At an event earlier late last week at Carnegie Hall, author J.K. Rowling announced that Albus Dumbledore, Hogwart's famed headmaster in the Harry Potter series, is gay. The announcement was greeted with cheers by fans. And it quickly hit the news sites even though the last book was released this past summer. It was picked up by Newsweek and The Washington Post. The Globe and Mail called it "the biggest outing in the entertainment industry since Ellen DeGeneres". The New York Times' The Lede posted on the "Blogospheric Reaction of the Outed Wizard".
J.K. Rowling's public appearances are fairly rare. So of course the wonderful staff at The Leaky Cauldron has posted a transcript of the event which I'll use for sharing Dumbledore's outing.
Did Dumbledore, who believed in the prevailing power of love, ever fall in love himself?
JKR: My truthful answer to you... I always thought of Dumbledore as gay. [ovation.] ... Dumbledore fell in love with Grindelwald, and that that added to his horror when Grindelwald showed himself to be what he was. To an extent, do we say it excused Dumbledore a little more because falling in love can blind us to an extent? But, he met someone as brilliant as he was, and rather like Bellatrix he was very drawn to this brilliant person, and horribly, terribly let down by him. Yeah, that's how i always saw Dumbledore. In fact, recently I was in a script read through for the sixth film, and they had Dumbledore saying a line to Harry early in the script saying I knew a girl once, whose hair... [laughter]. I had to write a little note in the margin and slide it along to the scriptwriter, "Dumbledore's gay!" [laughter] "If I'd known it would make you so happy, I would have announced it years ago!"
What are BlogHers saying? Plenty.
Contributing Editor Denise says of course he's gay!
Dorothy Surrenders tries to put it the reveal in perspective for us.
But what I really want to do is take a moment to put this historic outing in perspective. The Harry Potter series is the best-selling children’s series of all time. To date it has sold more than 350 million copies and been translated into 64 languages. The five film adaptations so-far rank among the top 20 highest-grossing films of all-time worldwide. And now, the whole world knows that one of the most important and beloved characters in the series is gay. Wow. I think that makes it a pretty good day to be gay, don’t you?
Dana from Mother Talkers weighs in on the reveal coming after the end of the series:
With millions of readers holding Dumbledore in their hearts even before they knew his sexual orientation, perhaps they are now more willing to accept this new piece of information. And perhaps, just perhaps, this acceptance will flow over into their view of the real LGBT people in their lives. How very Dumbledorian of Rowling to present it this way.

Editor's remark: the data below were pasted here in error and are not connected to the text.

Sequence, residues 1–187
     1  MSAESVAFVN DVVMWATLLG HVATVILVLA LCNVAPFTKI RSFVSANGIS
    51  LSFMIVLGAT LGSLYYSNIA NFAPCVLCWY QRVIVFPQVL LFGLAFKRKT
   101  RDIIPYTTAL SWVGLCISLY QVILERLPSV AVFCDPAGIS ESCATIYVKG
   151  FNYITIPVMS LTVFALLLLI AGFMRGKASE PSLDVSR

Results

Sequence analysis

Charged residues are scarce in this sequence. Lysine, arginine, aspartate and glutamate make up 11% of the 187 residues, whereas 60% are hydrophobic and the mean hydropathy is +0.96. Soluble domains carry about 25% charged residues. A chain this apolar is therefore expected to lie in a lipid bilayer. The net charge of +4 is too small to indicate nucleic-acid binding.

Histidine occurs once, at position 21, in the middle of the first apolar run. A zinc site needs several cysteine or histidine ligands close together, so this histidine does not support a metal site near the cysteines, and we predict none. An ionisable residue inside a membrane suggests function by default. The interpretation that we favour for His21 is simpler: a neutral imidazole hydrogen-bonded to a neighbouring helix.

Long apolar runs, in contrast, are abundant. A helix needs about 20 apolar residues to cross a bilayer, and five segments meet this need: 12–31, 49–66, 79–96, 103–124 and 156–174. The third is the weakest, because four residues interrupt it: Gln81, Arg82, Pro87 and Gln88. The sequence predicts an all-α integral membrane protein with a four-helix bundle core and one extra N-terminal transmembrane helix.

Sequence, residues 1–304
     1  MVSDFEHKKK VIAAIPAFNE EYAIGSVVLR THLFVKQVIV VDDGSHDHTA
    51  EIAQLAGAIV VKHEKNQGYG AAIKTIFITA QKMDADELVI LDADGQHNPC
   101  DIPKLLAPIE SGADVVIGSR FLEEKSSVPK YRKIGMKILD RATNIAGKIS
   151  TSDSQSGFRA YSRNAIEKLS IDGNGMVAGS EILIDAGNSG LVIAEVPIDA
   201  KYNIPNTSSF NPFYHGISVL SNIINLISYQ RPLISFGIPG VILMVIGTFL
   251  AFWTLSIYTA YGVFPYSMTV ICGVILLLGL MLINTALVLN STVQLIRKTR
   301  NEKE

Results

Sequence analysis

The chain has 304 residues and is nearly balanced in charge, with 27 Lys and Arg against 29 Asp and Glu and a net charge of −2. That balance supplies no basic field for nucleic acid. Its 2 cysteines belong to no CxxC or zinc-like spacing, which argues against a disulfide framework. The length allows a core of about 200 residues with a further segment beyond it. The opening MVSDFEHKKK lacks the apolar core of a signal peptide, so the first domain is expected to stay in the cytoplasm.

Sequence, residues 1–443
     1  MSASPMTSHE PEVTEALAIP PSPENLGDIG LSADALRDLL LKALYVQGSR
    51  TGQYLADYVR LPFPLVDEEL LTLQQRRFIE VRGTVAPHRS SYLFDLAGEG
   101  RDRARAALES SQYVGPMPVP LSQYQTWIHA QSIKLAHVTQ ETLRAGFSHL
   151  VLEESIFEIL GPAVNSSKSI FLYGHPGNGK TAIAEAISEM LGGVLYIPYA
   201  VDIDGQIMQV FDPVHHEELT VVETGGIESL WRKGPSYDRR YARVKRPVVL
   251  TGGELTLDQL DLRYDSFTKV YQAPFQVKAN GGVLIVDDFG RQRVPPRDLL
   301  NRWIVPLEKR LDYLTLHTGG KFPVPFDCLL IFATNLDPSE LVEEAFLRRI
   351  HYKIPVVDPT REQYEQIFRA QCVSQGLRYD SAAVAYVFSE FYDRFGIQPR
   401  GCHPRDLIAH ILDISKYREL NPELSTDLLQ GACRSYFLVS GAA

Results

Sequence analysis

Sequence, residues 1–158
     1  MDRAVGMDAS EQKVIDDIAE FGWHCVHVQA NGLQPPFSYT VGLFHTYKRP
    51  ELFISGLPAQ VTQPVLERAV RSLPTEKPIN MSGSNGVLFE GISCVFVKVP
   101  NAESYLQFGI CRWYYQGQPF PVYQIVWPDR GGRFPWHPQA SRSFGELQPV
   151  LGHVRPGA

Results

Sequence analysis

From Finding Wonderland:
I'm not sure story ever IS "done" - especially since every reader brings something new to the story, and writers only imagine they've revealed its entire scope. We live in the world of Fan Fiction; Dumbledore's probably been gay a long time ...
Jessica at New Terrain hasn't read the books (but has seen the movies) and sees it as positive news:
As an educator, I personally think it's not a big deal, but a step in the right direction: to expose children to sexuality in a realistic and tolerant way. By realistic, I mean that Dumbledore's sexuality was merely fact and not the plot in a book that was focused on the children. In our own lives, our sexualities are fact, rather than the plot. By tolerant, I mean our children are learning, in subtle ways, that we should respect everyone, regardless of their sexuality.
Of course, not all reactions are positive. But most on lit-blogs seems to be civil such as the discussion in the comments in the post about Dumbledore at Dear Author wondered if it should have a place in children's literature.
As for me, I think it makes sense. I always assumed there were gay characters in the books. HP fan fiction had lots of gay characters (not to mention the slash fics). Should Dumbledore's sexual orientation have been in the books? I don't know...I kind of like that it will just be accepted fact. If it had been written into the books, it would have been made a major focus of the books. Not in the books themselves but in coverage of them. But instead it's just an aside. Another fact about a friend we've known for years. It doesn't change his role in the books or the person that he was. We merely have some more insight to his life. Dumbledore taught that love was the greatest power there was and this new knowledge really shows that he learned that through his own experiences with love. He fought evil with love and he taught Harry to do the same. And through Harry he taught an entire generation of kids that love conquers. Dumbledore's value as a character and a role model doesn't center on his sexuality, but in what he taught us about love and friendship.
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